‘Day-work sheets, timesheets and work orders are now emailed directly to our team to cut down the need for paper and to speed up the documentation process’ employs two other contractors. Increasingly he’s getting work from large, local letting agencies. “The biggest agencies are in Leeds,” he says. “I find they’re looking for a maintenance company that can do plumbing and electrical repairs.” Most of it is domestic, inspection and testing, often driven by people looking to sell their homes or rent them out, he says. As for promoting his own business, McKeown has had strong results from Google’s Adwords. “Freeindex and Gumtree have also been very useful,” he says. Overall, he’s positive about the year ahead. One tool that’s invaluable on the job is his iPad. “I can do all my emailing from my van with an iPad,” he says. “I don’t need an office. I don’t want unnecessary costs. I want everything kept to a minimum.” Boom time David Burns, managing director of Corsan in Doncaster, has only been in business – with 15 staff and up to 35 contractors – since 2012. In the past year Corsan has been working with affordable housing construction specialist Wates. “Things have really boomed,” he says. “We had a very good run, although recently it’s got a bit tighter. But we’ve got other work lined up.” Although the inconsistency can be worrying, Burns believes business will forge ahead this year. “We’re having to look harder for good quality contractors; they’re becoming a bit more scarce,” he points out. “So something is definitely happening. We work closely with a mechanical building company and they’re saying exactly the same thing.” However, that means more pressure on wages if Burns is to hang onto staff. “As the work picks up, there’s a risk they may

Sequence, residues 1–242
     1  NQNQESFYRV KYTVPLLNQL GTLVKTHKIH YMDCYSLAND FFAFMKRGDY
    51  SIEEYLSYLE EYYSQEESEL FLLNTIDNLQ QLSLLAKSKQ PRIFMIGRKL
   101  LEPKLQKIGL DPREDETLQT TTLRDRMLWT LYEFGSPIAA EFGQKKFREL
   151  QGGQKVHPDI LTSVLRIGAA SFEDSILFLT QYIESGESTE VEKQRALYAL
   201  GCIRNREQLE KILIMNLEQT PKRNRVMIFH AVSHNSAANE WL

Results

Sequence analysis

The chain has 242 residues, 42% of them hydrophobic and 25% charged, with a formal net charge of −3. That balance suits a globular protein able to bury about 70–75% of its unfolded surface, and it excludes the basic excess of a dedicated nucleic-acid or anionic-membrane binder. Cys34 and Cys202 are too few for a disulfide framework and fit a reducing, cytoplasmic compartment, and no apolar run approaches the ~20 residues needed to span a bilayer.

leave so we’ll have to discuss rates with our clients,” he says. “That’s going to be the next problem.” The cost pressures are considerable: material costs rise 3-4 per cent every six months, says Burns, and manufacturers are also pushing up prices. Another area Burns has focused on is ensuring their website is fit for purpose. “I run the website myself, and it’s designed so I can add text and news myself,” he says. “A website isn’t just a place to get your details from. You can monitor which pages people look at and where they are based. Maybe I should be advertising in other regions?” he wonders, rhetorically. Spreading the net Which brings us to Geoff Mann, director of CDI Solutions. Based in Salford, just across the M62 in Lancashire, he recently won a £230,000 contract in West London for a major hospital. “The market here is still very oriented to cost,” he says. “The cheapest price will usually win.” So it made sense for him to widen the net and repeat trips to London trips paid off. “I had done some smaller jobs for them and we kept going back,” he adds. “We were also a bit cheaper than the London guys.” Mann employs five staff and relies mainly on word of mouth. But with a willingness to travel and a determination to win work, he’s hopeful for the year ahead. “I go where the client wants me to,” he says, “and I’ll move heaven and earth to do it.” Last year he turned over £300,000 and is expecting to see £500,000 for the current year. “I’m controlling the business,” he insists, “rather than it controlling me.” » Adrian Holliday is a freelance business journalist Connections Winter 2013-14